South Korea has imported no oil or natural gas from any of the overseas fields it controls, despite having poured a total of 16 trillion won ($14.1 billion) to secure these assets, the country's audit and inspection agency said Saturday.
The Board of Audit and Inspection announced, after reviewing the status of 17 overseas crude and gas production operations up till July 2011, that the country imported no fossil fuel resources from any of these fields.
It said that of the 17, only two located in Britain had clauses that would permit the resource to be shipped to Korea if the need arises, with the rest having no such provisions.
The fields inspected were either fully or partly owned by state-run Korea National Oil Corp. and Korea Gas Corp.
The BAI said in the case of one field in the United States that the KNOC has a 80 percent stake in, the fossil fuel can only be shipped to South Korea after getting permission from the U.S. government.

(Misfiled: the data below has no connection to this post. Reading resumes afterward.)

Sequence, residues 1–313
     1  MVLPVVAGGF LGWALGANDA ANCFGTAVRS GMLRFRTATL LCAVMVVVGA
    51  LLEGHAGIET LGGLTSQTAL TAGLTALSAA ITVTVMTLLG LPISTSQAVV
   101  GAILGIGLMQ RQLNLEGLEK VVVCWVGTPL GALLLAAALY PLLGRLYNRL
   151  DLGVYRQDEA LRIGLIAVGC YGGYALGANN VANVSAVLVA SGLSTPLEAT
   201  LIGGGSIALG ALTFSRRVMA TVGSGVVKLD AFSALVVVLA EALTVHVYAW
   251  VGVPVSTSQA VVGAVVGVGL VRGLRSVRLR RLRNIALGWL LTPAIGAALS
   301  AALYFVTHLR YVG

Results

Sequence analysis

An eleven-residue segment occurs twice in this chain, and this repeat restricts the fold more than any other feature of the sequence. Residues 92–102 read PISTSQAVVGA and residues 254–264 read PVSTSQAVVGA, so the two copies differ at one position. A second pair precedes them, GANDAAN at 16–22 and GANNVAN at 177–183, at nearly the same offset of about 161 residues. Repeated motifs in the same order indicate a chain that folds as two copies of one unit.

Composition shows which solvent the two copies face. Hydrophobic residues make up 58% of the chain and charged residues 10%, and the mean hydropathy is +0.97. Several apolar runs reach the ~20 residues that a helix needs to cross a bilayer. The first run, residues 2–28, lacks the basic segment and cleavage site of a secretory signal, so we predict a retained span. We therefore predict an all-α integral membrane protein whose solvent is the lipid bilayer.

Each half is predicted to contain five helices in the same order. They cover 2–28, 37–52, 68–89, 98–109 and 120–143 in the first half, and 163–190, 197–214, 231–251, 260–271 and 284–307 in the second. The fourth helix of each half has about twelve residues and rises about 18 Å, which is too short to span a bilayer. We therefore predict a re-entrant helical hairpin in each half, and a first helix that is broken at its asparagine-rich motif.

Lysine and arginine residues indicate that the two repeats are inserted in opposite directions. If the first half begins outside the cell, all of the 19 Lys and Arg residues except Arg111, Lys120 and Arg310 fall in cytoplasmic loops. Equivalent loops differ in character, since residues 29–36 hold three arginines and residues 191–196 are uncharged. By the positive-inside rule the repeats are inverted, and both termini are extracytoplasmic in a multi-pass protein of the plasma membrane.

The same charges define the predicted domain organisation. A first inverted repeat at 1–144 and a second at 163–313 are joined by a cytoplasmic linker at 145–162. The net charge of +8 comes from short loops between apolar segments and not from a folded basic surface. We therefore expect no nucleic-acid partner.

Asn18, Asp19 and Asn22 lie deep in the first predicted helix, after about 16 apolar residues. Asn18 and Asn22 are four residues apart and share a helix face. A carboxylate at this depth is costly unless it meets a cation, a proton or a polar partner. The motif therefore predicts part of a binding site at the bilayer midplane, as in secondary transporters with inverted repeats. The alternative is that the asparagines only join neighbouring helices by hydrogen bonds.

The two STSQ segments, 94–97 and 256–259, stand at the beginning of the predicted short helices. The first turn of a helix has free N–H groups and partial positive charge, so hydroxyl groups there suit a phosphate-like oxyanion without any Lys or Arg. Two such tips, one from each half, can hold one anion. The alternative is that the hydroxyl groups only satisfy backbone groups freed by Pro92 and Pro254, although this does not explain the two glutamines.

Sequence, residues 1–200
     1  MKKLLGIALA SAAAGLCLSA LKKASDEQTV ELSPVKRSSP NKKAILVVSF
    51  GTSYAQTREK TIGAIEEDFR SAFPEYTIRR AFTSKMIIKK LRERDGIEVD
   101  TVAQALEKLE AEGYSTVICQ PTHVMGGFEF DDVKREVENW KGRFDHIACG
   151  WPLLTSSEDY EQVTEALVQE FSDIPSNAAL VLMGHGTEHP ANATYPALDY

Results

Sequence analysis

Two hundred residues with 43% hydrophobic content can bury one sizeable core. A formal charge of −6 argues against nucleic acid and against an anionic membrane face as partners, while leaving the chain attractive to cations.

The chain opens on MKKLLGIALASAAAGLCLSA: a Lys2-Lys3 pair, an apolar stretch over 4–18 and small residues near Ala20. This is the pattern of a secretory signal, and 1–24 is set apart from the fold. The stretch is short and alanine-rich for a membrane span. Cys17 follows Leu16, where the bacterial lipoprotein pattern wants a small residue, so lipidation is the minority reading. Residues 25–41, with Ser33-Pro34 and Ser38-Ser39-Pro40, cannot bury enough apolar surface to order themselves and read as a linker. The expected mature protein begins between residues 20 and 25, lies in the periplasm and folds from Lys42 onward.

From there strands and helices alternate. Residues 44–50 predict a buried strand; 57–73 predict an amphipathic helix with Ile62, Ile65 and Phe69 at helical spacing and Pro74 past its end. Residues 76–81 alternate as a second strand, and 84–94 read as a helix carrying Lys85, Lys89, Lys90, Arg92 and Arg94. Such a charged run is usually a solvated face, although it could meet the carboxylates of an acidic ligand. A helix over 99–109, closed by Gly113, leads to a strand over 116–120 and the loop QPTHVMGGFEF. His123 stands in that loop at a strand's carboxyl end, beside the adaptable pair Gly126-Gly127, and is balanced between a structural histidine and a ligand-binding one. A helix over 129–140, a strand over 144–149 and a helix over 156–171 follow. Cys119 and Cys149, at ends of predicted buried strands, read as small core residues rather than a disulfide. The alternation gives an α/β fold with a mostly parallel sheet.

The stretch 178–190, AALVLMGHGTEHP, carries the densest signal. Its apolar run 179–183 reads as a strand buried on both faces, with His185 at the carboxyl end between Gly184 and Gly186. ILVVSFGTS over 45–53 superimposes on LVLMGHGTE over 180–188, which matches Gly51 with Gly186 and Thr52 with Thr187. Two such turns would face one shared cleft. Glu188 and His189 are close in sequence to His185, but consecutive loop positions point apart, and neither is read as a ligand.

It said of the four gas wells checked in which KOGAS has investments, the South Korean company's stake in three were too small to allow it to have a voice in where the resource could be shipped.
"In most cases, there is very little likelihood of oil and gas from these field being shipped directly to South Korea," the watchdog said.
It pointed out that because of such restrictions, the overseas fields are unable to positively affect the steady rise in domestic petroleum product prices.
The BAI said it ordered the Ministry of Knowledge Economy, which oversees the country's industrial and energy policies, to create a new index that can better show the country's real self-sufficiency rate in oil and gas, based on actual resources it can bring in.
At present, the self-sufficiency rate is calculated as the total output of resources produced by fields in which local energy companies have investments. (Yonhap News)